"Are you the Walking Monk?" asked the woman with her leashed dog, as David and I sat on the Park Bench.
A bit surprised with that question seemingly coming from out of nowhere, I responded, "Yes, I am."
"You met my brother, Gord, who's living on the East Coast. I follow you on Instagram all the time," said the woman who had this joyful face.
From the incident, I came to appreciate the effectiveness of technology, but also to value the power of presence. I didn't really have to make that stretch of a walk to the park. I was still weary in the legs from the trials of the Bruce Trail, and it would have been better to perhaps just have stayed at home. But there's always something that compels me from within to get out of comfort and be with people. When someone sees a monk, at least in North America or most places, it sparks an interest, and perhaps arouses the spirit within them. Mind you, there are such places where people feel threatened by the sight of a monastic, mostly, I have to say, those who are insecure about their own religious leaning. It's quite crazy how it works.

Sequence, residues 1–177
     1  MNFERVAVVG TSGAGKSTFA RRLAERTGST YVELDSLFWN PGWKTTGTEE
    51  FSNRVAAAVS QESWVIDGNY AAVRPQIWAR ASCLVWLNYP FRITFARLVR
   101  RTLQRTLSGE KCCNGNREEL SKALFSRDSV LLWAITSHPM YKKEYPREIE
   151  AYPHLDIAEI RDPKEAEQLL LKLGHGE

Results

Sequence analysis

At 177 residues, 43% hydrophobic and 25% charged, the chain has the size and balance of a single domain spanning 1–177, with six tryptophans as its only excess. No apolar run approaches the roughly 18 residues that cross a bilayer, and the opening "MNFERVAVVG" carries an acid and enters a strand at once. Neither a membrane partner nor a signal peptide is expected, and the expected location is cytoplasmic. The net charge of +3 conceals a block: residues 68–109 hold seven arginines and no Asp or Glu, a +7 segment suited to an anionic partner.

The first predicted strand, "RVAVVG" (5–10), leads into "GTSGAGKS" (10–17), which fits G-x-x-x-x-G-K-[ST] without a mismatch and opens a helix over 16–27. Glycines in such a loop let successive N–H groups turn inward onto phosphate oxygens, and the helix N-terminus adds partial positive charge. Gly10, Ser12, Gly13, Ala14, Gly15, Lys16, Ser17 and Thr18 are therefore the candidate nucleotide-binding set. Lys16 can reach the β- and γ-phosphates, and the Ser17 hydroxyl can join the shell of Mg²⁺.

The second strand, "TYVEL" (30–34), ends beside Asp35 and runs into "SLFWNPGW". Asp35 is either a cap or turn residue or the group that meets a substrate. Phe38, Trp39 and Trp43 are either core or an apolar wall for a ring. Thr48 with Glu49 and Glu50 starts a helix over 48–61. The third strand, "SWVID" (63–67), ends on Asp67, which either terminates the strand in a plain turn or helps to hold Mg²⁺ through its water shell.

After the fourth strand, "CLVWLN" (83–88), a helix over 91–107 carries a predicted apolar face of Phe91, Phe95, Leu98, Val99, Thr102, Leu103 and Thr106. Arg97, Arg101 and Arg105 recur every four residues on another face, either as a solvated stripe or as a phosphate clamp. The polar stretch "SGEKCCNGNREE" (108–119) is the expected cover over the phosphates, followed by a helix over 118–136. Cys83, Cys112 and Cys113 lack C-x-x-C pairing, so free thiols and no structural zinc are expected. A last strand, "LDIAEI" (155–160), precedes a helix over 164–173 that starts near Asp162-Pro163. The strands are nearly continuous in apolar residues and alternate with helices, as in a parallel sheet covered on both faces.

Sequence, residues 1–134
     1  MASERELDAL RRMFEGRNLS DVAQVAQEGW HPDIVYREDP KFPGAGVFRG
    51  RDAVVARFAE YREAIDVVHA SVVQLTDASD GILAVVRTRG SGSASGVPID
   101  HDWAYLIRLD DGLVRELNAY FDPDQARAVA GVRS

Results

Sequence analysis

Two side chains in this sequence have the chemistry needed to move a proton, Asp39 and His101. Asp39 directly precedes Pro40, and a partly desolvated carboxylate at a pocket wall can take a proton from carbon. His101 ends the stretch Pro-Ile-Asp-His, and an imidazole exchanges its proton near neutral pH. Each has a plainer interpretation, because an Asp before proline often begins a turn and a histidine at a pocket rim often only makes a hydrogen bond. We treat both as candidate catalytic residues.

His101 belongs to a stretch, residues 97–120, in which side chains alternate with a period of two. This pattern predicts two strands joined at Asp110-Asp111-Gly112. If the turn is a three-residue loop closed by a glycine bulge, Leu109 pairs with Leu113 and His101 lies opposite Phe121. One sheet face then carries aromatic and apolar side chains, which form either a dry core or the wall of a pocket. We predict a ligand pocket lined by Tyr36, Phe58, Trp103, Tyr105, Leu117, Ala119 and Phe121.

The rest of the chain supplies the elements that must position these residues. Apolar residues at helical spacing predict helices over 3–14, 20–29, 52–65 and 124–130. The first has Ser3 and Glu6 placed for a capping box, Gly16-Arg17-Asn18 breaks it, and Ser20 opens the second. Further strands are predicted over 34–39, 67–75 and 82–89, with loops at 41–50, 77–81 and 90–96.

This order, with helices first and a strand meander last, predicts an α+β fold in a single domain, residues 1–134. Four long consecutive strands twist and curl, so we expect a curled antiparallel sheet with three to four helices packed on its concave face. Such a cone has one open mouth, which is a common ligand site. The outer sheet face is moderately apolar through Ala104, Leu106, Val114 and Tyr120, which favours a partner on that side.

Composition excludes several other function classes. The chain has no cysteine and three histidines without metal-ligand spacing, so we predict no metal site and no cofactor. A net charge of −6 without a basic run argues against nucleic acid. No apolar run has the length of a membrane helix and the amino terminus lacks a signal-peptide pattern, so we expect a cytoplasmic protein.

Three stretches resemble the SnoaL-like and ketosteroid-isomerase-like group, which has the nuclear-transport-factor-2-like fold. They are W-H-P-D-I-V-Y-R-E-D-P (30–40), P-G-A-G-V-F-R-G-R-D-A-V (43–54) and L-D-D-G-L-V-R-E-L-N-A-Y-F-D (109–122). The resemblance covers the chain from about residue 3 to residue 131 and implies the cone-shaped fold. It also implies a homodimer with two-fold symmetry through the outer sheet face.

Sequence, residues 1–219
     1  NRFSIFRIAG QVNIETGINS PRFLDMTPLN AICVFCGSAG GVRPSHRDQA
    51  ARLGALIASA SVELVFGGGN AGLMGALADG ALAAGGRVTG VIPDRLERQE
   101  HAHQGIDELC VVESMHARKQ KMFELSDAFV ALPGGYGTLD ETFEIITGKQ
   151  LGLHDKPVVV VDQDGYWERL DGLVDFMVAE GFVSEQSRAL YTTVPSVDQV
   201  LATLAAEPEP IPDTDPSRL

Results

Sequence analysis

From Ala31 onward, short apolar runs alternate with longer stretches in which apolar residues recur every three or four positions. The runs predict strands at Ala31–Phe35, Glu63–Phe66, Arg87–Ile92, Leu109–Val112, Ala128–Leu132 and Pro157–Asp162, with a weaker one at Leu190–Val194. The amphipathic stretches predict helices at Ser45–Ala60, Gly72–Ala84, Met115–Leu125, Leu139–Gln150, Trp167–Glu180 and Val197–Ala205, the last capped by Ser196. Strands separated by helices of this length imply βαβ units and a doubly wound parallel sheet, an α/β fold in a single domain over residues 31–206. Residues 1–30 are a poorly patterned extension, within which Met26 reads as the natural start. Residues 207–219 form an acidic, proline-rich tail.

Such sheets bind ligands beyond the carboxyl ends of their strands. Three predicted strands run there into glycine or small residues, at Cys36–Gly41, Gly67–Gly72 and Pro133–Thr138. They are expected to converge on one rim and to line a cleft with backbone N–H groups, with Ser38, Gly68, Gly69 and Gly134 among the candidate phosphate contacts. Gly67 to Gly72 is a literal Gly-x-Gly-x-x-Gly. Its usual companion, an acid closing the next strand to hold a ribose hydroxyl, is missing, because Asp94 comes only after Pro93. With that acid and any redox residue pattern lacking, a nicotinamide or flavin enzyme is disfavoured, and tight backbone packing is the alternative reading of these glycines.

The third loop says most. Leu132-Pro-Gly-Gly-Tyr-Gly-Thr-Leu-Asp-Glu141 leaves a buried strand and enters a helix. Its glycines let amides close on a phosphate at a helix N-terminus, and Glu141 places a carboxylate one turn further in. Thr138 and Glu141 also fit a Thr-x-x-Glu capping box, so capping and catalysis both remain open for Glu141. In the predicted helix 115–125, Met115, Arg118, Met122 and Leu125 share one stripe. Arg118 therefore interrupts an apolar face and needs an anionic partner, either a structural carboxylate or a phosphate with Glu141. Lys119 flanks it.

In another park, David and I took to the grass. I played the mrdunga and he pulled out all these gadgets for musical instruments: Caxixi shakers from Bali, locust bean clappers from Cairo, and from Indonesia and Philippines, a balingbing. They too attract some attention. The intent was to draw people to our mantra in as much as my robes may draw people closer to Krishna. https://www.instagram.com/p/B005A3KAoKy/?igshid=1uqpxxqejegcz
May the Source be with you!